Thursday, February 8, 2024

         It can be easy to race past a book of the Bible like Leviticus.  We are tempted and even inclined to think that this book, heavy on divine laws and standards, might not necessarily connect with us today with where we are in life and faith in the twenty-first century.  But if we think that way, we would be tragically mistaken.  All Scripture is inspired and given to us for understanding, edification, and faith building.  Paul wrote, “All Scripture is God-breathed and is useful for teaching, rebuking, correcting and training in righteousness, so that the servant of God may be thoroughly equipped for every good work” (2 Timothy 3:16-17).  So, with the apostle’s words in mind, let’s not be too quick to dash past Leviticus.  Let’s spend some time learning what this fascinating book has to say to us in our days and times.  One theme that emerges from Leviticus is how we are to approach God?  In our sinfulness and humanity, how do we approach the Lord today?  The sacrifices and offerings that we read about in Leviticus were foreshadowing events that point to the ultimate Sacrifice—Jesus at the cross.  The different sacrifices and offerings that we discover in Leviticus were descriptive of what God would one day accomplish in Christ and His passion. 
            In Leviticus 3, we read “If your offering is a fellowship offering, and you offer an animal from the herd, whether male or female, you are to present before the Lord an animal without defect” (Leviticus 3:1).  A bit later, we read, “If you offer an animal from the flock as a fellowship offering to the Lord, you are to offer a male or female without defect” (Leviticus 3:6).  The two key common phrases that we read are “without defect.”  We are to bring our best to God—not the leftovers or the things we believe we can manage to live without possessing.  God is first.  Our gifts and allegiance to Him must be of the first and greatest order.  We are not to approach the Maker and Giver of all things with what we can spare, what we can muster together and what we think might just be “good enough.”  God deserves the best of all things—time, worship, faith, trust and devotion.  A synonym for the expression “without defect” is unblemished.  Peter, you may recall, referred to Jesus and His sacrifice in a similar way, “For you know that it was not with perishable things such as silver or gold that you were redeemed from the empty way of life handed down to you from your ancestors, but with the precious blood of Christ, a lamb without blemish or defect” (1 Peter 1:18-19).  Christ was the perfect sacrifice to satisfy the justice of a holy and righteous God.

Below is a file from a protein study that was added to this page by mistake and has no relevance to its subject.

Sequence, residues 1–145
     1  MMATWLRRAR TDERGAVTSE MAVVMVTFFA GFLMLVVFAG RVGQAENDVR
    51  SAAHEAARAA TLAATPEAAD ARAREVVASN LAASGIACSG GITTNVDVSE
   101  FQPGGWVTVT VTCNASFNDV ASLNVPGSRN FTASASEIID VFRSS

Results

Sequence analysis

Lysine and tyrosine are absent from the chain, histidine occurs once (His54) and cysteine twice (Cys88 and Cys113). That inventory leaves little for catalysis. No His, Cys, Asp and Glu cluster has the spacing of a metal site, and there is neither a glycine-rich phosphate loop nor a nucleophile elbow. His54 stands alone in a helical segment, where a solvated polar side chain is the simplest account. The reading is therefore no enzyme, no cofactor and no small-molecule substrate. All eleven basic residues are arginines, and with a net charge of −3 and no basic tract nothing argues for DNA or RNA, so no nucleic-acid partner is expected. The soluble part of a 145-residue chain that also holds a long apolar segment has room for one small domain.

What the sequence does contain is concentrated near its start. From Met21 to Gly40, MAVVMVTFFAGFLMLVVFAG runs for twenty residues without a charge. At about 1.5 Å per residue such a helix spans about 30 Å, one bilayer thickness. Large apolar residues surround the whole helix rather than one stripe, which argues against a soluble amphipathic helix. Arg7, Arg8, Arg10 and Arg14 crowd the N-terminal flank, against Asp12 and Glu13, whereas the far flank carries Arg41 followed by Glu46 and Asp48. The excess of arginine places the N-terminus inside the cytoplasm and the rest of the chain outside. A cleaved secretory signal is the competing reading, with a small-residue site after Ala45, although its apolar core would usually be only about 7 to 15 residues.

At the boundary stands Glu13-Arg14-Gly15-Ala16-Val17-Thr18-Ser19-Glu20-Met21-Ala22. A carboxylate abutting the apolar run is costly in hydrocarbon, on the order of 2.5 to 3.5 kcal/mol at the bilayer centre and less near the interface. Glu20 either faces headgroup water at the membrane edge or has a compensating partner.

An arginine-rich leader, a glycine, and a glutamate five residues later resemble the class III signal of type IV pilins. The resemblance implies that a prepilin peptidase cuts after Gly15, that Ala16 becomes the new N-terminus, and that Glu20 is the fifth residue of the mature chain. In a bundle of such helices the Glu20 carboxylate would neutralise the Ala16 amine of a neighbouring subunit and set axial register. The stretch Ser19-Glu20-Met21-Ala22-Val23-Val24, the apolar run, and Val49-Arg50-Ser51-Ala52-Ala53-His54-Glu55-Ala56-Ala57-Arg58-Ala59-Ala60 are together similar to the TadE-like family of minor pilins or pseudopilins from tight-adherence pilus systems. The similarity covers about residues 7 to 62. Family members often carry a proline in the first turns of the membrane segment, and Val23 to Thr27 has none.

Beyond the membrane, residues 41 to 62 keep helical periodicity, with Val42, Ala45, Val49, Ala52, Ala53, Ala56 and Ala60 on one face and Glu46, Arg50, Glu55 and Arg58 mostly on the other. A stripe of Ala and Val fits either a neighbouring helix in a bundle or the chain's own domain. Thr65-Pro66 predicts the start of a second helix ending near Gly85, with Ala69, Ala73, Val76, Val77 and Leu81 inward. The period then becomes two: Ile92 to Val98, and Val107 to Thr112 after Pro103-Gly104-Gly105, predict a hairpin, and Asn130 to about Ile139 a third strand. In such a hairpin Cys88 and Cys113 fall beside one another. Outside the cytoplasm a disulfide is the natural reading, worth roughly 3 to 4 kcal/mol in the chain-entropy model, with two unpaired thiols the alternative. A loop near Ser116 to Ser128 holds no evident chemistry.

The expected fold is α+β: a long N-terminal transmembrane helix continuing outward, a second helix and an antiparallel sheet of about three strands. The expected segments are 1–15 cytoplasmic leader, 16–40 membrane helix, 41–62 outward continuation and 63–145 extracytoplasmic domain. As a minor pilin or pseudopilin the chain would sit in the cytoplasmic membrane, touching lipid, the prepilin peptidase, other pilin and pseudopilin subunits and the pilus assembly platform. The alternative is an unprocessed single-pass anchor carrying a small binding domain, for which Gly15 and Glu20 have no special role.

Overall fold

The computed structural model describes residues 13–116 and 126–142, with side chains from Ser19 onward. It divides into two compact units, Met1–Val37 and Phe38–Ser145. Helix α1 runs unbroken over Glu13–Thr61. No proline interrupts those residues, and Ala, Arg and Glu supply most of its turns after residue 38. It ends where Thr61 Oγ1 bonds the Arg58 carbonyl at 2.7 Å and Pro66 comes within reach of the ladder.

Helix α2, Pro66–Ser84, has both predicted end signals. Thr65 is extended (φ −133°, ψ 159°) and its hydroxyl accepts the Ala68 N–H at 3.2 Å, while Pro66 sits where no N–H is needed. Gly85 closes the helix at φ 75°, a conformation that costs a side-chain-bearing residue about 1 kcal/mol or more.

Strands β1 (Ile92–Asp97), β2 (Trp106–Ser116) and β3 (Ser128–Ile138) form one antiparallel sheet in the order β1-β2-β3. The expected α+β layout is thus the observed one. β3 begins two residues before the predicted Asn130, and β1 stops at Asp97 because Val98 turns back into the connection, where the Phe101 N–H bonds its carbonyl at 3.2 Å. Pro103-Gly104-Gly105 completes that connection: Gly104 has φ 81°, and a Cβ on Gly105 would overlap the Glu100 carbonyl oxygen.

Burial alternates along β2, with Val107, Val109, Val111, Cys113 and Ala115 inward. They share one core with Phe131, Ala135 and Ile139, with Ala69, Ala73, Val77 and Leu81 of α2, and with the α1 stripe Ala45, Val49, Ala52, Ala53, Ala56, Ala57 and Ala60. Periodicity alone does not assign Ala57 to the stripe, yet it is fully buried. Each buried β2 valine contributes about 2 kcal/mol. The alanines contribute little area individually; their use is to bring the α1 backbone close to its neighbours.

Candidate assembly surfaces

The standard for what we bring to the Lord is found in the humility, surrender and sacrifice of Christ who perfectly offered Himself to accomplish the will and plans of the Father.  Leviticus speaks of acceptable and pleasing sacrifices being a “pleasing aroma” before the Lord.  We want our lives to be an aroma of worship, service, discipleship and devotion.  We want to live and serve the Lord in ways that bring glory to Him and make much of His greatness and majesty.  Remember the words of John the Baptist when speaking about Jesus, “He must increase, while I must decrease” (John 3:30).  A similar  standard remains as ours today.  We want Christ to shine in us and through us while there is less and less of us shining through.  We are vessels that carry His light to the world.  May the scent and sight of our lives be the same pleasing aroma to the Lord that the sacrifices and offerings of Leviticus were many years ago.
            Apparently, in Leviticus 16, Moses’ brother Aaron had become a bit casual and careless in his approach to the Lord and the Most Holy Place.  The Lord called Aaron out for how he had behaved.  We read, “The Lord spoke to Moses after the death of the two sons of Aaron who died when they approached the Lord. The Lord said to Moses: ‘Tell your brother Aaron that he is not to come whenever he chooses into the Most Holy Place behind the curtain in front of the atonement cover on the ark, or else he will die’” (Leviticus 16:2).  We are not to assume that we can casually and nonchalantly approach God as we might wish or will on a whim.  God sets the terms and standards by which He will receive the approach or worship of His people.  We might want to remember this truth when we are tempted to toss God a few minutes of time, attention and devotion here or there as we think we can or whenever it is convenient and no trouble to us. 
            One grave temptation that believers face today is a sense that we keep the calendar for God and we schedule Him whenever there are open moments and places.  God becomes a divine DoorDash that responds to our beckoning and summoning.  We learn from Leviticus that such thinking is foolish at best and sinful at worst.  We have subtly traded places with God where He responds to our initiative.  Perhaps today there is some clutter that you would like to remove from your life.  This clutter could keep you from coming to the Lord on His times and in His ways.  Years ago, in the twentieth-century, J.B. Phillips wrote a book Your God Is Too Small.  He concluded that we suffer from an increasingly diminished and inadequate view of God.  The Lord is shrinking in how we see and respond to Him.  That stark and startling conclusion is even more true today.  But Leviticus helps to correct that problem.  This third book of the Bible shows us a great and awesome God who set Israel free, buckled Pharaoh’s fighting force, parted the waters of the Red Sea and went before Israel into the land that He had chosen for them to possess.  May we increase our vision of the Lord too.  Join us on Sunday for Bible study and worship.  Our communal lunch is after worship this Sunday so bring a dish or two to share.  Have a great day!

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